Marcus, who says his family are Greek-Cypriot, has devised a strategy to avoid "odd looks" on the Tube (which he attributes to his Mediterranean appearance).

To make himself seem non-threatening, he now wears a Make Poverty History wristband and makes a point of reading the Economist.

"Whilst this sounds ridiculous it does reassure people around me. Of course, the whole thing is ridiculous but these are ridiculous times we are living in," he writes.

An Asian reader says fears about what people are thinking have stopped him carrying a rucksack.

"I do not take my rucksack to work anymore, which had my lunch and work shirt. I would rather wear a dirty shirt left at work than be looked at suspiciously. I also wear a T-shirt to work now, as I am afraid to wear too much, after the shooting," he writes.

There are also people who have stopped wearing their MP3 players or iPods because of worries about trailing wires or not hearing orders from the police.

Empty seat

Being on the receiving end of such a hostile atmosphere has persuaded Leila, a white convert to Islam, to stop travelling by Tube altogether.

You can get very anxious situations arising - and in the extreme it could lead to violence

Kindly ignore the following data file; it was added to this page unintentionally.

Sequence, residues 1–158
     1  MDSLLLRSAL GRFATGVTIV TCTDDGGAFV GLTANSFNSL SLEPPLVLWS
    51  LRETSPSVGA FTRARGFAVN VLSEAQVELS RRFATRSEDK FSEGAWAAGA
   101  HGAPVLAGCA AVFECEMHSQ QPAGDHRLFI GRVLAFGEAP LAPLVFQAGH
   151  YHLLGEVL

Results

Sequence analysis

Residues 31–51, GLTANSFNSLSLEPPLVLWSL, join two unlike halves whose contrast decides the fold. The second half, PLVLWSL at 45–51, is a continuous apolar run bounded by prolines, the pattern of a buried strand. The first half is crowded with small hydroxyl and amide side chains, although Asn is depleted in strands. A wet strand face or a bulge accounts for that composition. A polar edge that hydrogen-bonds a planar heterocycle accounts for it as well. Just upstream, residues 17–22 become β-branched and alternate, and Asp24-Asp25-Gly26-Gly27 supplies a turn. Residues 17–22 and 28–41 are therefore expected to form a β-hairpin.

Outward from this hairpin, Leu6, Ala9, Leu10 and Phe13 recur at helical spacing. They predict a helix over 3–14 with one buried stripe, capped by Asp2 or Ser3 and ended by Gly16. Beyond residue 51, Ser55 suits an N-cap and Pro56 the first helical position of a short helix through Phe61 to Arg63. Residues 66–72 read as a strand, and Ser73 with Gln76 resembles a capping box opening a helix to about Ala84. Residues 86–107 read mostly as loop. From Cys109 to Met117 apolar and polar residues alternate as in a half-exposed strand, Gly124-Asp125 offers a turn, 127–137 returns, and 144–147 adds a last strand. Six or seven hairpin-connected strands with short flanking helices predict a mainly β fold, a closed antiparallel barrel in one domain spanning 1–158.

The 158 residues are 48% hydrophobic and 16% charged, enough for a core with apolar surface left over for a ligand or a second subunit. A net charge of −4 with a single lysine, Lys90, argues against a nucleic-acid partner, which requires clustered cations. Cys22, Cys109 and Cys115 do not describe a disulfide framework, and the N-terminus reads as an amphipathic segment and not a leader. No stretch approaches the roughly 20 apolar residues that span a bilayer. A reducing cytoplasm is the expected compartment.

Psychologist Gary Fitzgibbon

"I sensed people's fear of me because of my Muslim dress. Sometimes people even preferred to stand rather than sit by me, leaving an empty seat next to me."

Hindu and Sikh readers have also written to say they have experienced the same sense of rejection.

"As I got on the tube with my rucksack, a fellow passenger saw me, waited a second then got up, to wait on the platform for the next train," writes Dev.


This distrust between travellers is a phenomenon that feeds on itself, says psychologist Gary Fitzgibbon, from the north London-based consultancy, Fitzgibbon Associates.

CCTV image of suspect
Images of the Tube attacks have fuelled an atmosphere of suspicion
"You've got a strange effect here. Everybody's awareness of a threat is raised - and everyone is looking round suspiciously. So they're looking at each other - and what they observe is people looking at them suspiciously, which immediately raises their awareness that this person might be a threat.

"You can get very anxious situations arising - and in the extreme it could lead to violence."

Mr Fitzgibbon says fear is a natural response to a threat - but the prolonged media coverage, and the way that people continue to talk about the bombings, can generate a response that is greater than the actual threat that exists.

And amid such fears, he says that people can tend to seek people more like themselves and to avoid those who are different.

Such a reaction, already witnessed by people sending in e-mails, would threaten what a worried reader described as the capital's "multi-cultural mini-world".